When Ben asked me a couple days before the race if I wanted to compete in the Vail Pass Half Marathon at the Teva Games I jumped at the opportunity. I checked out the course map and elevation chart and thought, hey, that’s not that bad.
I don’t think the statement “it sounded like a good idea at the time” could ever be more fitting than in this situation.
Looking back now, I definitely had a blast and loved the brutal experience, but there were definitely some low points during the race in which my thoughts were full of every single expletive imaginable.
Here’s the lowdown on the course:
- Vail Village to the top of Vail Pass
- 13.7 miles
- 2,900 feet of elevation gain
- Finish line altitude of 10,000 feet
Did I also mention that the race only attracts top runners and amazing athletes? Oh yeah, out of the 120-something participants, only about 100 finished, most of which in amazing time. One of them was Amy Smith, a friend of ours who dominated the course in a time of just over 2 hours. She finished up 3rd in her age group (my age group too) – congrats Smith!!
Smith, Ben and I met up before the race and were all in good spirits. I really had no clue what to expect. Ben and I decided to just take ‘er easy and treat it like a training run for the Leadville 50 and Transrockies races.
The first 4 miles of the course were full of breathtaking vistas over undulating road and paved trails. I was seriously giddy I was enjoying myself that much. Ben and I were joking around and high-fiving other participants, not really thinking about what was to come.
Just before the 4-mile mark the course started to take a “gradual” uphill trend as we began our official ascent of Vail Pass. As Ben and I trucked up miles 4-6, we were less talkative and more down-to-business-like.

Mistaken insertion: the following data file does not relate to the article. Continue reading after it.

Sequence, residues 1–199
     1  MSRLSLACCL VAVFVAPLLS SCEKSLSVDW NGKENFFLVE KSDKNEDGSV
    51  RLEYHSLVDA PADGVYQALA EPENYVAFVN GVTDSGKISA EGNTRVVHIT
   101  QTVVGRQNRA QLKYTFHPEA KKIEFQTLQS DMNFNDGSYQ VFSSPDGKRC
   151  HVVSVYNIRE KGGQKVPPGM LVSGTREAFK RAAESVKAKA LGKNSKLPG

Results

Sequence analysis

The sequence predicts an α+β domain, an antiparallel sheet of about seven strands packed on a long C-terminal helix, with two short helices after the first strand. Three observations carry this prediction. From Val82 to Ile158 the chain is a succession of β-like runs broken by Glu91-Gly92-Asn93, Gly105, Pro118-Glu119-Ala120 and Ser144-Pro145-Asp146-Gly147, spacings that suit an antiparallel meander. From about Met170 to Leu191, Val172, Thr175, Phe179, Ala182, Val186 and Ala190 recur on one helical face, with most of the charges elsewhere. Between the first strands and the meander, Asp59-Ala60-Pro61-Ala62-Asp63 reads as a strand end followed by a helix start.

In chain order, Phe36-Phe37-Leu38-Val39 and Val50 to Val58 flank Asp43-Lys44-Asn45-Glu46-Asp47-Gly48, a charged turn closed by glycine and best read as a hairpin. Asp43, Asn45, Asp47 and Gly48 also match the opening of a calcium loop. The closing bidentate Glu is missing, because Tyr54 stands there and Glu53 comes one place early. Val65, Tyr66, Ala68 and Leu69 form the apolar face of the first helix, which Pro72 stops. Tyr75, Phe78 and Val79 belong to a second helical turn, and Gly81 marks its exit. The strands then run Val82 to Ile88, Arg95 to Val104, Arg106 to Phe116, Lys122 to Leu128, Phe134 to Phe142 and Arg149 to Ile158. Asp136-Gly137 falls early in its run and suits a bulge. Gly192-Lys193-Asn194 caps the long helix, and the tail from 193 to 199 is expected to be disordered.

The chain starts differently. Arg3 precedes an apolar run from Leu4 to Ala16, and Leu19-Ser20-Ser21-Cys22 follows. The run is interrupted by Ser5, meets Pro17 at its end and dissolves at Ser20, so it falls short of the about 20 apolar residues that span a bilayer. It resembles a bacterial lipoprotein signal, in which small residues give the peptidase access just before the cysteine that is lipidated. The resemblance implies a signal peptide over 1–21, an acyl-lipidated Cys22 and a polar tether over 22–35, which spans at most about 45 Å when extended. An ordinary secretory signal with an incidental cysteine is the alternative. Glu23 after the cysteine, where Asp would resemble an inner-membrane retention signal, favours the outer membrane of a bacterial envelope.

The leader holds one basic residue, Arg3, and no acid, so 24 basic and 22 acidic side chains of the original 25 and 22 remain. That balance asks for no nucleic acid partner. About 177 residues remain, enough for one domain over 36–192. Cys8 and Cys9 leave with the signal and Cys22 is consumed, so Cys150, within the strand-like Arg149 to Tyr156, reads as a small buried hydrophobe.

Miles 6-9 were brutal. I no longer said anything (except remarking at how nasty my chocolate gu was) due to the fact that I was breathing so heavily. I was so thankful to have Ben there to help me keep in a rhythm. He’s such a good climber, and his steady footfalls up the mountain helped me stay in check.
Mile 9 was my breaking point. I walked through that particular aid station and watched Ben continue up the mountain. I was crestfallen. I really wanted to keep up with him and steadily make my way up the course. Unfortunately, my lack of hill (or mountain??) training was finally getting to me.
Miles 9-12 were a mix of “power hiking” and running what I deemed runable. I must say, I was actually pretty proud of my speedy power hiking. I was averaging a 14-minute mile up that damn mountain and I actually passed 2 people that were RUNNING while I was power hiking. I felt like one of those Mom’s you see at the mall early in the morning power walking her way through the stores. Yep, that was me, just on a steep-ass mountainside.
I will say that my mix of power hiking and running lifted my spirits. I didn’t feel that I was losing too much ground, I could still see Ben (still running – trucking his way up that Pass), I hadn’t been passed and my energy levels were relatively good.
I hit mile 12 and said screw this noise, and started running. My goal was to make it back to Ben. I finally joined him at mile 13.6 – right before the finish. We crossed the line together in 2:35 – not too shabby if you ask me. The first words out of Ben’s mouth were “you stubborn, stubborn girl!”. I was pretty happy with that!
Here are my Garmin stats from the race:
So, when it’s all said and run, I have to say that I’m absurdly impressed with myself, Ben and Smith. We dominated that Pass and surprised ourselves. Can’t say it was too smart to register without knowing the enormity of the race, but it was definitely worth it and totally epic!!